Saturday, December 05, 2009

Slip me some skin...

Following on from last week’s post, my singing voice has been severely tested this week, as I inflicted Little Boxes on every class from Tuesday to Friday, with generally pleasing results. I think if we do this as a warm-up exercise at the beginning of every class, it will have the desired effect i.e. to get the students more in tune with the cadence of the English language. I have been scouring the WWW for suitable song lyrics and will introduce one every month till the time comes around for the TOEIC torture-chamber again. However, if my notion is correct, I expect it will be less of a torture-chamber in 2010. As we only have a couple of weeks left before the end of this term, and Christmas is coming, Felix Bernard’s 1934 Winter Wonderland will get an airing next before we call it a day for 2009.

Another thing I tried this week was watching a VHS video movie clip, with Japanese subtitles, to see if there was good correlation between what was said on screen and what appeared at the foot of the screen. It turned out that there was, after a fashion, in that the students could understand what was going on on screen but they were generally unable to catch what the English words were, even after several repetitions. This seems to be because of elision, or syllable omission, which native speakers do as a matter of course when speaking naturally.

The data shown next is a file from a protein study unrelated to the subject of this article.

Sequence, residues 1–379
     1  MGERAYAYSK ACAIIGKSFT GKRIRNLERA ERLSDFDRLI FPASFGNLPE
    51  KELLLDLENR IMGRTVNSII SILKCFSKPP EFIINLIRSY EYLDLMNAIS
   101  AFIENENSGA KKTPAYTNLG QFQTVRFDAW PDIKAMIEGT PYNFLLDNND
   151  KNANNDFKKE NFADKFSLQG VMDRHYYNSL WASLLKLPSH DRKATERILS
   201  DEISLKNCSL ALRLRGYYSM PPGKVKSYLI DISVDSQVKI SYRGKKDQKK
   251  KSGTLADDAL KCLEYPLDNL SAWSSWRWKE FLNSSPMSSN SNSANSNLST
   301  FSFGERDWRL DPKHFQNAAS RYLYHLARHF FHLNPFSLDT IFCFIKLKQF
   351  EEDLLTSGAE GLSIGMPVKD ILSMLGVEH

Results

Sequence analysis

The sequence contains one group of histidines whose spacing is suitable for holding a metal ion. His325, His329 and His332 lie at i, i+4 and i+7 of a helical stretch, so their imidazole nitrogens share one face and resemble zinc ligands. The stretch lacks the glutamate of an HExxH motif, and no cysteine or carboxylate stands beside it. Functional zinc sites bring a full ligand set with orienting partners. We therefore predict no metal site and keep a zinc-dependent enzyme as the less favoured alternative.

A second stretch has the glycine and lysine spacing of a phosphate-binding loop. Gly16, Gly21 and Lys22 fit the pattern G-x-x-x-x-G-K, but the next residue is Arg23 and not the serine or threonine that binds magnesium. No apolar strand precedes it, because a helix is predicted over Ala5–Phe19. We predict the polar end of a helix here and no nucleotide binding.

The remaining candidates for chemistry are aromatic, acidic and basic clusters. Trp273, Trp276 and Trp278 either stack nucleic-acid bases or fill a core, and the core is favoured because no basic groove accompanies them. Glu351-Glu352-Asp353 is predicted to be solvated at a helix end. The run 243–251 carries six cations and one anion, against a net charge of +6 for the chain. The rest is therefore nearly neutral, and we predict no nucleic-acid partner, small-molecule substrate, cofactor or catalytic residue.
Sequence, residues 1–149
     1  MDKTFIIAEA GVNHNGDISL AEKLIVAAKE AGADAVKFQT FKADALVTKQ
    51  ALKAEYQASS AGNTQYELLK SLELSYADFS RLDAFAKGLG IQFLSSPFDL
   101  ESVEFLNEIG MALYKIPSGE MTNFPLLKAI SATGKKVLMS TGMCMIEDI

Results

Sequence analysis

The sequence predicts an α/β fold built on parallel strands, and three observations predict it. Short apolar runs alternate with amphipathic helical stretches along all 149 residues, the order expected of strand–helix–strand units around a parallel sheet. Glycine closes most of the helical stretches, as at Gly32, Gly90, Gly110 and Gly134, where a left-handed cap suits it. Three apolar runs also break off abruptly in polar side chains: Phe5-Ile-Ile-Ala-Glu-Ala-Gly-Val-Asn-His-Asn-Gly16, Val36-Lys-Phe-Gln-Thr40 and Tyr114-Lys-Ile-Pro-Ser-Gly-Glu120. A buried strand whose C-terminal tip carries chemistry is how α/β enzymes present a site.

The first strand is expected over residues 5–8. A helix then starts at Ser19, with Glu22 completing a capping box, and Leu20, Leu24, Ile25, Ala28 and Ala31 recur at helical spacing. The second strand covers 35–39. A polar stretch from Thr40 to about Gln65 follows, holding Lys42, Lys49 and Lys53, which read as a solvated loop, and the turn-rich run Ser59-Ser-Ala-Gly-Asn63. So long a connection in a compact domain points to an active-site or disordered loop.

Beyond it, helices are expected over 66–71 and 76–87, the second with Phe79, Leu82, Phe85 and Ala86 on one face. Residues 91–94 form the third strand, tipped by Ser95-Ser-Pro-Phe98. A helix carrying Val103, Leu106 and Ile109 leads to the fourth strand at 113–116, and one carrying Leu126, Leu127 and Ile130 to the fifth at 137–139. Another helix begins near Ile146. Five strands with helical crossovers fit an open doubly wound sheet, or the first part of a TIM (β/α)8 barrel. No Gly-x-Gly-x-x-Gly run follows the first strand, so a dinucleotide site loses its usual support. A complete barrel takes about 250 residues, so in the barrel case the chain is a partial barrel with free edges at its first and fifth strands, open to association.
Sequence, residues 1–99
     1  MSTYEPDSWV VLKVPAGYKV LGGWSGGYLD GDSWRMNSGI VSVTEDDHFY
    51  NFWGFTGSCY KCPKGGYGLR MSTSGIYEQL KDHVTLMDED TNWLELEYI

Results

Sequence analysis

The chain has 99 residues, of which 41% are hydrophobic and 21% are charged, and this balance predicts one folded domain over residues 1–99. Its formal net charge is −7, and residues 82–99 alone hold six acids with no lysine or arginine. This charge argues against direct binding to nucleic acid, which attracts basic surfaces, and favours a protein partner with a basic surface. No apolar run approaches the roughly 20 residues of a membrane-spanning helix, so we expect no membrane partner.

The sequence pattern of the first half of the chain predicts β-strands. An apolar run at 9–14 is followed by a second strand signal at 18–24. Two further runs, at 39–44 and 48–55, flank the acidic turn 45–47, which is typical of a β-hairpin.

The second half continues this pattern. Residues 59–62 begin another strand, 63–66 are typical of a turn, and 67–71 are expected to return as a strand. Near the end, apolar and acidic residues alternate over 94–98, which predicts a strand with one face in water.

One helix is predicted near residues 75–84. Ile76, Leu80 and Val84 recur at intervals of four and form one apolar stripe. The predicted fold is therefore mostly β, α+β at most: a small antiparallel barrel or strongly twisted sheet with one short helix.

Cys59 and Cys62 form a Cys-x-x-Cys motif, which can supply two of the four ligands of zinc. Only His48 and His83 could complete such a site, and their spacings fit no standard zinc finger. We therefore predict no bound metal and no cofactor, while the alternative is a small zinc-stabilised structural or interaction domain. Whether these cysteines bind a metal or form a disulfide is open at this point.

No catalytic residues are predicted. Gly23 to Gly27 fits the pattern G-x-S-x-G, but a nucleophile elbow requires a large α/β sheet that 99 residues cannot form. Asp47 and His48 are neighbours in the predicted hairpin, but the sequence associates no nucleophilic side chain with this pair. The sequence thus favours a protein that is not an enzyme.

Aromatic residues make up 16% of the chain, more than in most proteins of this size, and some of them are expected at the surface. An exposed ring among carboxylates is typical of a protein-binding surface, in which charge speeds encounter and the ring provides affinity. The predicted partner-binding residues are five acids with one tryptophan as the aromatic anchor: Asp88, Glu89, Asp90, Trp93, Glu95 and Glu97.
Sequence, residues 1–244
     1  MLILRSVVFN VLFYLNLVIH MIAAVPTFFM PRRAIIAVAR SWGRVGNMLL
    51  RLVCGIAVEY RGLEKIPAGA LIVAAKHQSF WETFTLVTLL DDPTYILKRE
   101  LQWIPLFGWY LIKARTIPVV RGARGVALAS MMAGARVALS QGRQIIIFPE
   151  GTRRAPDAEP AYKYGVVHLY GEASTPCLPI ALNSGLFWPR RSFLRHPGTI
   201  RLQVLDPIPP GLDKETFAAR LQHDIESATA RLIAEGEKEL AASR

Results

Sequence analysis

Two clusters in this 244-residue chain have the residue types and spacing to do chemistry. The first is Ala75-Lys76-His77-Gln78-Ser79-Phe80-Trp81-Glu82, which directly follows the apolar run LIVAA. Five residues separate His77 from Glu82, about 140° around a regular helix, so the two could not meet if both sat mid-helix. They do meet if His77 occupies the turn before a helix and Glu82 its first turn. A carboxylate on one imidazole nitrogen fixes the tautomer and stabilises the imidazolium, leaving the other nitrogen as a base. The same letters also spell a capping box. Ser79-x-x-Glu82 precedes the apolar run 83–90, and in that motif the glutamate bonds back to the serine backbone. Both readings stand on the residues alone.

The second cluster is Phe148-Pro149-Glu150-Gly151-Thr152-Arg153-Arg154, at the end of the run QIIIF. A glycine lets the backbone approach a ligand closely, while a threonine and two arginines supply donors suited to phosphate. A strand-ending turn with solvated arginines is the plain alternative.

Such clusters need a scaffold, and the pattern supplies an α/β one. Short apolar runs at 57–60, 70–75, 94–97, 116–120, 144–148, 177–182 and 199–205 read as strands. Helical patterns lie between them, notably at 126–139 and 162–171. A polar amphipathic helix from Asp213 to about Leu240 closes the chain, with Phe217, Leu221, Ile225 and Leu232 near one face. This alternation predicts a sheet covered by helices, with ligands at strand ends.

The clip I chose was from the 1987 movie Good morning Viet Nam, which made Robin Williams into a star. This movie is set in Saigon in 1965 just as the Viet Nam ‘police action’ is about to escalate into a full-blown conflict. At about 1.17 the main character (Adrian Cronauer) first tells an outrageous falsehood, then resorts to bribery in order to persuade the Army EFL teacher to allow him to take over the class, so he can get a chance at dating the Vietnamese girl in white. In Japanese subtitles the soldier’s response is gojiyuu ni, which means ‘feel free’ or something like that. However, what he actually says is “ ’sallyurrs – yuugaddit” (It’s all yours, you’ve got it). The rest of the clip shows how the new ‘teacher’ is then hopelessly out of his depth as he has no idea how to proceed. He eventually has to confess that he is not a real teacher but achieves a measure of success, and popularity with the students by teaching them Harlem street slang. As he says, in the real world this is probably somewhat more useful to them than the hackneyed phrases the ‘real’ teacher was trying to teach, even though they were grammatically perfect.